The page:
And yet for all that, the works – stitched together Frankenstein-style with broad swathes of tape and arbitrarily applied stencils – do in the end hold together. In nearly all of them, we find something visually crafty and intelligent, some piece of sly wit that the great thunderers of Australian art could never get close to. The language is anathema to Redford, but we are nevertheless tempted to say that what we see there in these works is the sublimation of their artistic materials. And it is perhaps this that Redford laments: that he cannot simply immerse himself in that imaginary plenum of popular culture his work evokes. It is this he seeks to come as close as possible to, in order to capture the energy and vitality he believes has long ago left art, but it is what withdraws as soon as he approaches, turning once again into what it is not.
It is this too that accounts for the persistent sense of nostalgia that runs through Redford’s work, the whole theme of dead youth that stretches from the early Hero Boy Dies (1987) through the homages to River Phoenix, Kurt Cobain and The Smiths and on to the recent remake of Marsden Hartley’s Portrait of a German Officer (1998). It is a mourning not only for Redford’s own youth, in which his pleasures in the popular were presumably simpler, but also for popular culture itself. For the surprising fact his work touches on – and he is right when he speaks of the divide between them closing – is that it is not so much high art that disappears today beneath the onslaught of the popular as the popular that more and more takes on the trappings of high art. It is not, at a time when a TV show like The Simpsons can come on like a post-modern jukebox, high art that cannot cope with the attractions of the mass media, but the mass media that already exhibit the self-consciousness and self-reflexivity previously granted only to art.
Thus we would say that those figures ripped out of old black and white porn magazines with their lumpen features and outdated haircuts are desirable to Redford not so much sexually as for the kind of anonymity and immanence they embody. Pornography is utopic for him not for what it represents but for the private, non-mediated – let us say, non-artistic – mode of consumption it makes possible. It is an immanence that is shattered at the very moment he would seek to pay tribute to it, when he attempts to shine the light of a certain aesthetic attention upon one of those faceless legions. It is a contradiction that runs throughout Redford’s work, conferring its success in the very terms in which it would measure its failure. It is for this reason that we cannot watch his epic night in the back room of a Berlin leather bar, I Need More (2003), without thinking of the Viennese Actionists. It is why we cannot see Sunset, Then Night (2004), an uncut 103 minute video featuring a TV screening Gus van Sant’s paean to unrequited gay love, My Own Private Idaho, against a Gold Coast skyline, without thinking of Warhol’s Empire. It is why we cannot view his droll series of performances involving models in bikinis sawing up surfboards at the plush Palazzo Versace, Dead Board 3 (2003), without thinking of Robert Morris’s Box with the Sound of its own Making.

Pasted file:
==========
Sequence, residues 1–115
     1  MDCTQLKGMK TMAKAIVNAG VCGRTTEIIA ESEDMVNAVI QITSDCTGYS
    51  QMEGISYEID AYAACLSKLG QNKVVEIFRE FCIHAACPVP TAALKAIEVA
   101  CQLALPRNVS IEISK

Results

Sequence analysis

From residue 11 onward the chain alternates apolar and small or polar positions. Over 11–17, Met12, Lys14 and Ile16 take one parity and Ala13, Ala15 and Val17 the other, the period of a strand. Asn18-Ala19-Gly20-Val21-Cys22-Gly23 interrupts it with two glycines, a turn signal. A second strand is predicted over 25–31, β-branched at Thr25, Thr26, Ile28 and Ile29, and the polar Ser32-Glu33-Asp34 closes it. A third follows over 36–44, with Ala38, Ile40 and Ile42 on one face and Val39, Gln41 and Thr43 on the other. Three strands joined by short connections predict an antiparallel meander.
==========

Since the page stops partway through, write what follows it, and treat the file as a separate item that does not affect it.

In fact, what we come increasingly to realise is that the popular was always one of those artistic others modern art invented so that it could transgress itself, increase its aesthetic reach in appearing to breach its boundaries. There never was any such thing as the popular except within the imagination of artists keen to annex it to their endeavours. But art lives on through its engagement with its outside, as Redford proves. And today it is art that is disappearing with the closing of this gap between the high and the low, with its success in colonising the popular (that is, when something like The Simpsons is no longer a threat to high culture because it already is high culture). In a way, therefore, we might say that Redford is actually trying to keep art alive by insisting that art close this gap, as though it still exists. I commend him in this, echoing Baudelaire’s words to Manet – perhaps the inventor of this high-low dialectic – “Scott Redford, you are the last in the decrepitude of your art”.